Civil War remains as relevant today as in times before

Samuel Damren

As a result of Nikki Haley’s failure some weeks ago to acknowledge that slavery was the cause of the Civil War, the issue has become a focus of national debate.

The Confederacy surrendered in April 1865 at Appomattox and was dissolved.  

The Constitution was amended to abolish slavery (13th Amendment), provide for equal protection of law (14th Amendment), and the right to vote regardless of race, color, or previous condition of servitude (15th Amendment). No politician today is promoting revocation of those amendments.

What then is the relevance of the Civil War to current-day politics?

The answer resides in unhealed political divisions that Donald Trump purposefully advantaged to gain election and then exploited in the first term of his presidency.

Fulfilling his campaign promise, the Trump Supreme Court justices struck down 49 years of precedent based on Roe v. Wade. The decision in Dobbs v. Jackson is every bit as divisive to contemporary American values on the issue of reproductive rights as the Taney Court’s 1857 decision in Dred Scott v. Sandford was to the concerns of pre-Civil War Americans with the institution of “negro slavery.”

By denigrating the “Negro African race” as “altogether unfit to associate with the white race,” and expanding conflicts over slavery across State borders, the Dred Scott decision was a flashpoint to pre-Civil War politics.

As a direct result of Dobbs, there is now an alignment of “Free Choice States” and “Right to Life States” closely following the division of states for and against slavery at the onset of the Civil War. It is equally a flashpoint to current-day politics.

The issue of slavery in pre-Civil War America also split apart the three major American Protestant churches along the same fault line.  

In the 1843 Triennial Convention of American Baptists, abolitionists on the planning board for foreign missions rejected slave owners who applied to be missionaries on the ground that they could not be true followers of Jesus.

Baptists in the Southern states broke away and formed the Southern Baptist Convention, which remains the largest evangelical denomination in the country today.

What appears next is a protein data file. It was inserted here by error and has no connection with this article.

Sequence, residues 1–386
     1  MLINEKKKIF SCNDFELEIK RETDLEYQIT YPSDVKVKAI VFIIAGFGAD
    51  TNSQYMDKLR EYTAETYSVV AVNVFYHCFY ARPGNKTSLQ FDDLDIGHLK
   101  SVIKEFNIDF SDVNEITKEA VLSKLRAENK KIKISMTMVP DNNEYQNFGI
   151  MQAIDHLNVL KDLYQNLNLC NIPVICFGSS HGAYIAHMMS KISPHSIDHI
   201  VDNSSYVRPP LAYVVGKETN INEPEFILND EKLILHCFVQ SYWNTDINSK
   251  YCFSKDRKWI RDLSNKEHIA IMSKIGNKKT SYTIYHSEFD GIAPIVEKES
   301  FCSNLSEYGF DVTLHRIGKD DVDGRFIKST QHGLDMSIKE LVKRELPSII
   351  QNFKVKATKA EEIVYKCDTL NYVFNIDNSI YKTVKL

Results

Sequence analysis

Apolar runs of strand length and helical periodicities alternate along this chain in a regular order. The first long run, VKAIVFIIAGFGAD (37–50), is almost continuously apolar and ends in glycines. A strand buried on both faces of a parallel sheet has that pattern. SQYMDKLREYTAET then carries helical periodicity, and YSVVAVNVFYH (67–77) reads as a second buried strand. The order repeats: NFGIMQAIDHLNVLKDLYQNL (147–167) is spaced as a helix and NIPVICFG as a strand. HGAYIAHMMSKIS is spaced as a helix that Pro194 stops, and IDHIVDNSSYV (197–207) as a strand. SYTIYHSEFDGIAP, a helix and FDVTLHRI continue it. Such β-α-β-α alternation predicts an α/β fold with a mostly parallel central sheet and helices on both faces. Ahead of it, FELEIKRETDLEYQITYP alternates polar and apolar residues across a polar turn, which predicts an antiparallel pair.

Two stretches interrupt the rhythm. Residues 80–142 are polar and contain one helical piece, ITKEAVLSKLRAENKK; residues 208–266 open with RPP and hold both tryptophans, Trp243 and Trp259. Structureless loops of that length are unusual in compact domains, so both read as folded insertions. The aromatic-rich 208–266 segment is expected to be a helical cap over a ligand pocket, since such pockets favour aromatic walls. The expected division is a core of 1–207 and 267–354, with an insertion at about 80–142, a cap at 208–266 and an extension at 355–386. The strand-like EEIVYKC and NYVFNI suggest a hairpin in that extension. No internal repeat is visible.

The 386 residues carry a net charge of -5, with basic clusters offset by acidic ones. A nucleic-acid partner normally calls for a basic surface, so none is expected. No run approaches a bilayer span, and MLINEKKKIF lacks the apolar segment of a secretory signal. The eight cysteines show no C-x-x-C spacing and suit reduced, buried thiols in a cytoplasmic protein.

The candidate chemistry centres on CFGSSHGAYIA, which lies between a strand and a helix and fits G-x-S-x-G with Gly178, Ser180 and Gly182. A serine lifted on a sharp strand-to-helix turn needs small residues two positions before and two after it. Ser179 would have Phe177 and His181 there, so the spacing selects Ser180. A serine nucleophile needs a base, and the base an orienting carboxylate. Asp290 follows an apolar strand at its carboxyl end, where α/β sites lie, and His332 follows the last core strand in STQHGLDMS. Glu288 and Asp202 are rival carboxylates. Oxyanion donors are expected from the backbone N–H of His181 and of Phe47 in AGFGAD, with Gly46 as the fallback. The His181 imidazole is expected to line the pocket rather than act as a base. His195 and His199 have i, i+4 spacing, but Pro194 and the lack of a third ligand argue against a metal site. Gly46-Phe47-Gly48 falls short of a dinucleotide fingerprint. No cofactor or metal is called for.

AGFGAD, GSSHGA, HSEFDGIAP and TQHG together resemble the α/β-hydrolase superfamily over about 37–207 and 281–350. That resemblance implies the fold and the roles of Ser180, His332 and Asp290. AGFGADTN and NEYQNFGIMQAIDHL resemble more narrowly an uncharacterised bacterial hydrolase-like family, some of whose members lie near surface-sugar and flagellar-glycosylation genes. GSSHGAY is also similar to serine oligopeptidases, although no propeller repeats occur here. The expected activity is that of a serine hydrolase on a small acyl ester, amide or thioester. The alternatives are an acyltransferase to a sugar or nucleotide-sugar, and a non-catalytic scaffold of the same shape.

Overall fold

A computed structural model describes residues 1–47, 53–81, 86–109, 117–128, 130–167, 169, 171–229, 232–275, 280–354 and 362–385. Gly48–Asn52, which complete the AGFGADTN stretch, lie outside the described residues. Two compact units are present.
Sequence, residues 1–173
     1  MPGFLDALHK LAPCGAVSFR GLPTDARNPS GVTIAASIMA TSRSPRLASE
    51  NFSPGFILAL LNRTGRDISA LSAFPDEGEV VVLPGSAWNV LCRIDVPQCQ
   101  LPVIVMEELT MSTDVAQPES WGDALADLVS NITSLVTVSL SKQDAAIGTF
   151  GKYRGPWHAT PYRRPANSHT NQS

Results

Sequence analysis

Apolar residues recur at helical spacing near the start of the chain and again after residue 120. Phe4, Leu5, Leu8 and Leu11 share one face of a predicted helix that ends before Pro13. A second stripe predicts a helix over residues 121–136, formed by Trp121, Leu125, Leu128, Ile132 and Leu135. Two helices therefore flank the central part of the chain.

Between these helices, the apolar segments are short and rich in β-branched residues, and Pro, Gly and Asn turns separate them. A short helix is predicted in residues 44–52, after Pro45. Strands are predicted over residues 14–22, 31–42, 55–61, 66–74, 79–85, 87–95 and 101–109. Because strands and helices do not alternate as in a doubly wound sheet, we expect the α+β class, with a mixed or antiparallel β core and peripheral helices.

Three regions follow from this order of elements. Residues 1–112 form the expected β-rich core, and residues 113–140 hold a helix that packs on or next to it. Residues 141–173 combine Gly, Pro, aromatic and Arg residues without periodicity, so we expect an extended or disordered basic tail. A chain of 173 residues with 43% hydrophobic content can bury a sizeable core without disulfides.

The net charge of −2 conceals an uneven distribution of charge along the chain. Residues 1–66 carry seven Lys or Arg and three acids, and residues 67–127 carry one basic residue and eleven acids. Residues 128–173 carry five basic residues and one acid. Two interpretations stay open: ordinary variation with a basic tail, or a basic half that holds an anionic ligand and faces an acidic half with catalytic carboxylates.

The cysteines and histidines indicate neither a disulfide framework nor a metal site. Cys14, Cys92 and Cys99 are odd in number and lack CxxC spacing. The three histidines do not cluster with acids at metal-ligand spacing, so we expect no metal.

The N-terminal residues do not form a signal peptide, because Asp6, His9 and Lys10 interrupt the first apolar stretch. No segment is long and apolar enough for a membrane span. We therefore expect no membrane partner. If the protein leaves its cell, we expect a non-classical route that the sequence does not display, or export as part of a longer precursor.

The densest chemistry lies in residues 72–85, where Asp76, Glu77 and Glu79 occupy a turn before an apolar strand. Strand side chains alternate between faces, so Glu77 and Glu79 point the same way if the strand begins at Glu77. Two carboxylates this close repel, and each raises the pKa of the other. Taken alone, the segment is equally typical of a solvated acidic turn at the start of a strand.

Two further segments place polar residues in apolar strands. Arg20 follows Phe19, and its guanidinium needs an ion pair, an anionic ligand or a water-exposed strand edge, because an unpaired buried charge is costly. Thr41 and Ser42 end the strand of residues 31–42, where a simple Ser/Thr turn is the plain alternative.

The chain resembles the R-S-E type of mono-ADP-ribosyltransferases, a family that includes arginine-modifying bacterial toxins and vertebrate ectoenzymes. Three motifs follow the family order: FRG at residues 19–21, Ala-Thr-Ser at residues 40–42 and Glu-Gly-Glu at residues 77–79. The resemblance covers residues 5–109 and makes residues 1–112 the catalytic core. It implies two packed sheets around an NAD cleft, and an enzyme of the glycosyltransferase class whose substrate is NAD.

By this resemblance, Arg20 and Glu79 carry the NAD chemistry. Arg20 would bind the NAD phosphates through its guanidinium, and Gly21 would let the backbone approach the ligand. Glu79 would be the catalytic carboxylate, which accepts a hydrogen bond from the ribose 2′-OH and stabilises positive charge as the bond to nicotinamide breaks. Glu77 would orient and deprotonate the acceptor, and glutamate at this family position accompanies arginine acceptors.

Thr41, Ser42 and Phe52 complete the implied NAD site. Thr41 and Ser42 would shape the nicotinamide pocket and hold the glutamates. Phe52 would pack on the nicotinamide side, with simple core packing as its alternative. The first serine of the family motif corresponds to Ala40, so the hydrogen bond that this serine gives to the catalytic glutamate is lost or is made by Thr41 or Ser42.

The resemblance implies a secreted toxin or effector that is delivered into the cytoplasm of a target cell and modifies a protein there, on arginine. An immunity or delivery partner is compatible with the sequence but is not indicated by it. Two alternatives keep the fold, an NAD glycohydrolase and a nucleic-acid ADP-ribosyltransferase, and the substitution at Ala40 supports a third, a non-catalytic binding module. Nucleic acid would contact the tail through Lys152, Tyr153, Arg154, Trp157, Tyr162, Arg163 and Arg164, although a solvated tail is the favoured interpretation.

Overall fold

Methodists and Presbyterians later followed by also dividing into pro-slavery and anti-slavery factions.  

In pro-slavery factions, evangelical support for the institution of “Southern slavery” as the “slavery of the Bible” was unabashed. Defenses based on scripture appeared in church publications and the published letters of prominent clergy.

The appalling history of Southern evangelical support for slavery, the Confederacy and thereafter for “Jim Crow,” legalized segregation, and prohibitions on inter-racial marriage is detailed in Joel McDurmon’s 2019 book, “The Problem of Slavery in Christian America.”

Every time one might be befuddled by the unswerving fealty that so many Christian evangelicals demonstrate to Donald Trump, it is instructive to remember that these individuals share heritage to religious communities that once vociferously defended slavery.

In the third volume of a three-volume work by Yale professor David Brion Davis entitled “The Problem of Slavery in the Age of Emancipation,” Davis describes the “animalization” of those enslaved along racial lines as one in which enslavement is justified based the purported inferiority of certain races and their supposed incapacity to rise above status as mere animals or other lower life forms.

This technique of denigration is a staple of MAGA Republican attacks on a different target group today: immigrants. In disparagement of non-white immigrants attempting to cross the Southern border, Trump has variously referred to them as “vermin,” an “infestation” and similar derisions.

In this and other MAGA chaos he released to motion, Trump believes, like Taney before him, he is singularly positioned to heroically preserve a “way of life” premised on racism.

Another parallel between the time of the Civil War and today is evident in the “Lost Cause of the Confederacy” and “The Big Lie” that the 2020 Presidential election was stolen by Democrats.

The Lost Cause was falsely propagated in the immediate aftermath of the Civil War and remains gospel to this day in many regions of the South. It asserts that conflicts over slavery were not the cause of the Civil War, but that the South was the victim of a “War of Northern Aggression” preventing the exercise of legitimate states’ rights. The narrative casts white Southerners as victims.

The “victim” in the narrative of “The Big Lie” is, of course, savior Donald Trump.  

Unsupported by evidence in innumerable court cases, the “Big Lie” assets that Trump lost the 2020 election as a result of voter fraud.

Finally, there is the parallel to political violence. After seceding from the Union, Confederate forces attacked federal forts in the South to secure munitions.

Federal troops at Fort Sumter resisted, which sparked the four-year Civil War costing the lives of 620,000 soldiers.

Because secession is no longer a viable option, Trump pursued another route: the violent attack on Congress by his supporters to secure and prevent vote certification on January 6, 2021, and to overturn the legitimate Presidential election outcome by fraudulently substituting “alternative slates of electors.”

It was treason in 1861. It may have only been insurrection in 2021.

So, yes, discussions about parallels between the Civil War and today’s politics are relevant, highly relevant.


Samuel Damren is an attorney and author in Ann Arbor.